Soriyan Hettie, Information Systems Researcher/Practitioner firstname.lastname@example.org
The cyber café was established in 2002 by two academics who had lived abroad for a number of years and wanted to meet some of the communication needs in Ile-Ife; a city in South-Western Nigieria. They conducted a local feasibility study and got more ideas from Lagos. Realising that the venture was capital intensive and the interest on bank loans was too high, they decided to bring on board a number of people to raise the financial base.
A group of three families came together and met for several weeks. Two of the families paid part of their contribution to the venture. They decided to start small, sharing the facilities with another cyber café in Ile-Ife. All the details seemed to be sorted out. But just after most of the equipment had been purchased, the third family that had yet to contribute stopped attending meetings and carrying out most of their agreed responsibilities so one of the other two families had to take on these tasks. When this third family was asked at a meeting to state clearly if they were still interested they decided to opt out and eventually the second family also said that, since they had invited the third family to join in the venture, it would not be appropriate for them to continue either. They then asked for their initial capital to be returned.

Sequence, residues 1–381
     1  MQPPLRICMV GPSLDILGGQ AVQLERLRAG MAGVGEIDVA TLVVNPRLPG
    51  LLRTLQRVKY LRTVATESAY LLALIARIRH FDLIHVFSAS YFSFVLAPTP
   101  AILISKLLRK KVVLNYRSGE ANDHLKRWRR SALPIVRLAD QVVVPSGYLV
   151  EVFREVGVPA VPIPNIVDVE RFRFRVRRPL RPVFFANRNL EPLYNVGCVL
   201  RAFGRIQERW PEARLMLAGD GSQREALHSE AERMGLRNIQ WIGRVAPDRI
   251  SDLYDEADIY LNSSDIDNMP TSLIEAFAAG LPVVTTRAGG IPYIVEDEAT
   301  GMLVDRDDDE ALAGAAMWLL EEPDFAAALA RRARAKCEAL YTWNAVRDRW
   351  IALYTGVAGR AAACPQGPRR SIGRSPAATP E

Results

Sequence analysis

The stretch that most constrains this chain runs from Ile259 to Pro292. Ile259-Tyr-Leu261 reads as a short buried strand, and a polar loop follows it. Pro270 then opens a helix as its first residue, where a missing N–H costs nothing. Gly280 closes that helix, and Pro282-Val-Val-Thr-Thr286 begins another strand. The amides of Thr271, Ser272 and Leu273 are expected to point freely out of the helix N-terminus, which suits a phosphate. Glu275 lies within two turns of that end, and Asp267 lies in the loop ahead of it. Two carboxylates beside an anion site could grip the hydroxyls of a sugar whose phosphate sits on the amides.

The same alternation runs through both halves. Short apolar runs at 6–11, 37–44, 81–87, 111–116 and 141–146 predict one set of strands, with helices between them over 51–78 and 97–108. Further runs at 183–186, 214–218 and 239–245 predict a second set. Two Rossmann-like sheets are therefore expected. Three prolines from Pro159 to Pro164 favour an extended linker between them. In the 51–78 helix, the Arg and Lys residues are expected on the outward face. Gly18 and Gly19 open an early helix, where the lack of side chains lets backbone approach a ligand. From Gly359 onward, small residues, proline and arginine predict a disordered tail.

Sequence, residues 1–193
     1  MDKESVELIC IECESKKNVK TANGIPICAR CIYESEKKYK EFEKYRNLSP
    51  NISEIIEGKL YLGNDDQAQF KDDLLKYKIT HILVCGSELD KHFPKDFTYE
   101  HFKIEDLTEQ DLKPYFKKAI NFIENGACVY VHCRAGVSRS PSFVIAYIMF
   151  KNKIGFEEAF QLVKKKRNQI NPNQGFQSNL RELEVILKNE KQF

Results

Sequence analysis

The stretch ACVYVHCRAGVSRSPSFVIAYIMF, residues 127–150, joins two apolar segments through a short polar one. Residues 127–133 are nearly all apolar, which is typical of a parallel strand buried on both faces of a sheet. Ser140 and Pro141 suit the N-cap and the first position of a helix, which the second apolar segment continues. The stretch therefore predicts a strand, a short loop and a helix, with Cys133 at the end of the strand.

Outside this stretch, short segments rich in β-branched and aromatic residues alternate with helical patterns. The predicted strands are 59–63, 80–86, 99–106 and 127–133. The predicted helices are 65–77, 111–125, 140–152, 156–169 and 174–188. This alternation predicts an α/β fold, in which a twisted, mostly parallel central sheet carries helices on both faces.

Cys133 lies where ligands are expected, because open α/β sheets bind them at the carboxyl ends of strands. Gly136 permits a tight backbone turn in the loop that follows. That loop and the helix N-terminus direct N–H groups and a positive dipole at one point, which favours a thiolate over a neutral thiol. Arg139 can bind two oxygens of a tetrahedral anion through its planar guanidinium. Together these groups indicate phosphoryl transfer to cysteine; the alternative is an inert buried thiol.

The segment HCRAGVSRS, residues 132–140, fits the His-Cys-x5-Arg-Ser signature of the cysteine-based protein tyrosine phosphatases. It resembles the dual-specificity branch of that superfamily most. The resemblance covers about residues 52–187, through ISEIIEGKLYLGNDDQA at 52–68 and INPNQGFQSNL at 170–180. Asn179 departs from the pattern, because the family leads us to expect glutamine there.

The family that had contributed the most decided to continue but was not in a position to return the deposit until the business had taken off (that was agreed and the money was in fact repaid in 2003). The remaining family took soft loans from friends and the cyber café started operation in 2002. At the time, there was only one cyber café in Ile-Ife. All the technical details were handled either by the original family or friends who required only a token payment. 30 personal computers were purchased from the US, the network was designed, and all the cables laid and terminated. The communications mast was constructed by iron casters, and installed once the line of sight had been established. The lightning/thunder arrestor was also installed and electrification of the site completed. The servers (billing, printer and proxy) were installed as was the radio. The switches were put in place and all connections completed and tested.
After the network was established tests showed that it was too slow and reflectors were needed at both ends (the site and the Internet service provider (ISP)). These were ordered from the US and installed a few weeks later. Then the venture took off providing Internet services to the public in the Ile-Ife area. The initial capital was estimated at US$45,000.
The phone uses a Max 4 gateway. The hardware includes personal computers and printers, telephone boxes, switches, masts, Motorola radio, scanner, webcam, and a fax machine. The software includes a billing software package (Café Pro) and a virus scanner (Norton).
The enterprise is owned by a man and a woman who also manage it jointly with one other male employee. At inception the woman owner/manager purchased all the hardware (computers, peripherals, network cables, clips, clipping tools, RJ 45, etc), and supervised the business set-up (designed the network cabling, and supervised the laying of the network cables, and carpentry work such as tables and partitioning). She is now in charge of hiring staff, with input from other members, and actively participates in problem solving and management decisions. The day to day operation of the enterprise is handled by the other male employee.